LAUNCESTON, Australia, (Reuters) - China’s imports of major commodities are holding up well, according to market consensus, but that in itself is quite concerning for the overall state of the world’s second-biggest economy.
Commodities are often viewed as the canary in the coal mine, with falling demand a sign of economic troubles ahead. Likewise, consumption of natural resources should pick up ahead of a more general recovery.
The fact commodity imports haven’t weakened does allow some of the more alarmist views of China’s economy to be discounted.
But equally, the absence of a resurgence in imports means any significant, infrastructure-led recovery is not yet on the horizon, even if it is coming, as is the widely-held conviction.
“July commodity imports held up,” was how Barclays headlined a report on China’s trade data, while London-based consultancy Capital Economics said, “Commodity imports hold up well.”
These were just two of several reports that struck similar notes, although many analysts also questioned whether those commodities exhibiting strength in imports are doing so because of underlying demand in China, or for other reasons.
Crude oil imports, for instance, rose to 30.71 million tonnes in July, a gain of 4.1 percent on the prior month and 29.3 percent higher than in the same month a year ago.
For the first seven months of 2015, crude imports have jumped 10.4 percent, according to customs data.
On the surface this looks like a strong reading, but there are two factors at work that undermine the view that China’s fuel demand is robust.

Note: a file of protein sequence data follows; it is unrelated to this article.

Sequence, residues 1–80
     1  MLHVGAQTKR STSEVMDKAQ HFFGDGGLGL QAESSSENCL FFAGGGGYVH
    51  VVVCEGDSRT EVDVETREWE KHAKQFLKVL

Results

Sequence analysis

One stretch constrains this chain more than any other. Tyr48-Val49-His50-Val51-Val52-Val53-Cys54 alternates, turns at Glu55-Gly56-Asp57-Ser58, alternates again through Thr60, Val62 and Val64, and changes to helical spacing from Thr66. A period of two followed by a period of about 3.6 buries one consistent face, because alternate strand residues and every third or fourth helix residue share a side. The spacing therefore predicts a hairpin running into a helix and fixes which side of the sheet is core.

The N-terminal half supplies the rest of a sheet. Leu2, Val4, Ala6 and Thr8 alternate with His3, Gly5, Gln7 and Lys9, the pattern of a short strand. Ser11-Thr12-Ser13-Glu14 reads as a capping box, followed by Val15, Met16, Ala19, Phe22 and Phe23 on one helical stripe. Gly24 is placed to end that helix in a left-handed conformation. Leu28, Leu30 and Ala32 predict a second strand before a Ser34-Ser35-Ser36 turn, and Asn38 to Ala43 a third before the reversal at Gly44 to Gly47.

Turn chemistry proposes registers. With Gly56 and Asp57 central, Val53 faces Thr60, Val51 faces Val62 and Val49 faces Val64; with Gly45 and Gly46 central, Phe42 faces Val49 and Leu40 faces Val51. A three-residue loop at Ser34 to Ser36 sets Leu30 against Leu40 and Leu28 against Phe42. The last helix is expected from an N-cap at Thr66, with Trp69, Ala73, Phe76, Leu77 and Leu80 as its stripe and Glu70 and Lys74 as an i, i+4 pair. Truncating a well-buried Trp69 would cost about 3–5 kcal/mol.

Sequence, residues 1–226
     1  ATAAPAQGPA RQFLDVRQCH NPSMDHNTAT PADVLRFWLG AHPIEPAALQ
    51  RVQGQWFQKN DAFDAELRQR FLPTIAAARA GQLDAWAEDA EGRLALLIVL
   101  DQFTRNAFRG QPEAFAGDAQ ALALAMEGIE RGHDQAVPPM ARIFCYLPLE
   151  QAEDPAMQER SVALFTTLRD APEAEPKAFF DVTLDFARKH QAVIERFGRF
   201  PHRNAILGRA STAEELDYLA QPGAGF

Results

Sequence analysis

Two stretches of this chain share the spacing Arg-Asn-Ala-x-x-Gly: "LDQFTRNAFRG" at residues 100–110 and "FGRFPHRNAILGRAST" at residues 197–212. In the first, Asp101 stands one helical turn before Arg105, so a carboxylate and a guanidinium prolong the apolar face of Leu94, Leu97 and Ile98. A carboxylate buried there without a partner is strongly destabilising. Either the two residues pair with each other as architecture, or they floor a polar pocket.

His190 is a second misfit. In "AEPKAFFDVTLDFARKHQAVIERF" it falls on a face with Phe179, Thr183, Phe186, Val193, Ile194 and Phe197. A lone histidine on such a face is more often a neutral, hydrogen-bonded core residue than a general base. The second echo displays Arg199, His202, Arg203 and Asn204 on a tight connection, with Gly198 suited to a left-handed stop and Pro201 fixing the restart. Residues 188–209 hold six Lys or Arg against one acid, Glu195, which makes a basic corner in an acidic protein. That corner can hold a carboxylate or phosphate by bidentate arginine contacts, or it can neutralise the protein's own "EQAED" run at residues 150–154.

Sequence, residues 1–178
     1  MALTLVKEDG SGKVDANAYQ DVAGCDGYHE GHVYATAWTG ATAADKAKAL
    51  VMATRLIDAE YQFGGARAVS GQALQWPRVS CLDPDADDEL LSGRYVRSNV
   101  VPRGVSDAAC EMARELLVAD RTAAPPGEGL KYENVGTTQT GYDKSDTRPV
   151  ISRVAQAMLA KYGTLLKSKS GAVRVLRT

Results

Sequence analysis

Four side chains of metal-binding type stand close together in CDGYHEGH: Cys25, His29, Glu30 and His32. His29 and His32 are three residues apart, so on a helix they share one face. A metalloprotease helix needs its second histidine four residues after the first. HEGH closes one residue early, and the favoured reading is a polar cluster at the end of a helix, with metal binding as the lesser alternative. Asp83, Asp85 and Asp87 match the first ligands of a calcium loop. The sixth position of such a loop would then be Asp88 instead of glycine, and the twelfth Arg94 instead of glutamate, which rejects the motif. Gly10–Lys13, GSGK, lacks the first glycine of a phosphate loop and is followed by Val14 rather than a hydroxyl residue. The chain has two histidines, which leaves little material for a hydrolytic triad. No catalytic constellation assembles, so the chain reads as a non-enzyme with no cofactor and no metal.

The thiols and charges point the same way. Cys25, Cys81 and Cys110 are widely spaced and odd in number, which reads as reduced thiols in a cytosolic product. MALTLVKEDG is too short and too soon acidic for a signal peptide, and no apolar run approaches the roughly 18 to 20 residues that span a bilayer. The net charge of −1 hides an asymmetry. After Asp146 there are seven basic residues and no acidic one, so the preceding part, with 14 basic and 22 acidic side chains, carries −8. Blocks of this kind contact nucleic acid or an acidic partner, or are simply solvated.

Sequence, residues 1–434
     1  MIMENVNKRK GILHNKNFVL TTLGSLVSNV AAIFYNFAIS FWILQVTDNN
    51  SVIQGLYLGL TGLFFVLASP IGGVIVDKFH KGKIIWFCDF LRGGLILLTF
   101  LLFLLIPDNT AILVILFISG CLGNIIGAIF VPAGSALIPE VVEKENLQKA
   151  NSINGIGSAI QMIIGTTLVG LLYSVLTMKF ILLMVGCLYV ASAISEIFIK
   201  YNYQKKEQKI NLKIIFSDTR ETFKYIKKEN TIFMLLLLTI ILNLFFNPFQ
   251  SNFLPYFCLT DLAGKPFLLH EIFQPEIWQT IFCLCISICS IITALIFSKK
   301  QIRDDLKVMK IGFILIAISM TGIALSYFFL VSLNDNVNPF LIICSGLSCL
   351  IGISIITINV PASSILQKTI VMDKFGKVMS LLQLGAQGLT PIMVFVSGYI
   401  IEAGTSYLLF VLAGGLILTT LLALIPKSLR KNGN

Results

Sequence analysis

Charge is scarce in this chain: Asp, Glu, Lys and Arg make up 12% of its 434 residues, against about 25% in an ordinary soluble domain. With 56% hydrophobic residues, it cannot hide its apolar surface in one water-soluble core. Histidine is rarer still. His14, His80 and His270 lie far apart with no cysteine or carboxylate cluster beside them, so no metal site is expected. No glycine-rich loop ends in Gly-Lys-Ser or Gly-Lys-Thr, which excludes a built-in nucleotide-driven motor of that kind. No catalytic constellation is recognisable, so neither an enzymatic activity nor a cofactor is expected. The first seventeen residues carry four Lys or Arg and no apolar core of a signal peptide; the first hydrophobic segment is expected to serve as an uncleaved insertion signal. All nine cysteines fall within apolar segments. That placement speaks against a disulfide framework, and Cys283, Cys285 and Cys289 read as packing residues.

First is that exports of refined fuels are up 8.6 percent in the first seven months of the year over the same period in 2014, meaning some of the additional crude being imported is simply being shipped back out in the form of products.
Crude imports in the first seven months of 2015 were about 6.68 million barrels per day (bpd), or about 630,000 bpd more than for the same period last year.
Refined product exports have increased about 52,000 bpd to about 616,000 bpd over the same period.
This leaves a gain of about 578,000 bpd once the rise in product exports is taken into account, and about half of this is believed to have flowed into strategic and commercial storage.
China doesn’t disclose flows into its newly-built strategic reserves, but based upon the available capacities of recently commissioned tanks, as much as 300,000 bpd has been stored in the first seven months of the year.
This would mean overall domestic fuel demand growth is closer to 278,000 bpd, a far more modest outcome than the headline numbers suggest, and also one that fits with a Chinese economy struggling for momentum.
It’s the same with iron ore, with July’s 14.9 percent jump in imports from June more likely the result of restocking by steel mills taking advantage of near-record low spot prices.
Even July’s strong import figure couldn’t drag the year-to-date figure into the black, with imports still down 0.1 percent in the first seven months of the year.
As with oil, some of the iron ore is simply being exported as steel products, for which outbound shipments rose 9.4 percent in July from June, with year-to-date exports up 26.6 percent.
With copper, imports of ores and concentrates have risen 10.9 percent in the first seven months, but this strength is offset by a 9.5 percent drop in imports of unwrought metal.
Chinese copper smelters are increasing output and this is lessening the need for imports of refined metal, and the overall picture is once again one of steady demand.
And relatively steady demand for major commodity imports doesn’t gel with China’s stated gross domestic product (GDP) growth of 7 percent, even allowing for a rotation more towards services and consumer demand.
Certainly it’s hard to see how China can maintain that growth rate over the whole of 2015 without some acceleration in spending on infrastructure and construction, as well as on improvements in industrial output.
For China’s GDP to meet the official 7 percent target, commodity imports will have to do more than just “hold up” for the rest of the year, they will have to accelerate and be used for consumption, not for inventory building or re-export as mildly beneficiated products.
(Clyde Russell is a Reuters columnist. The views expressed are his own.)
Editing by Tom Hogue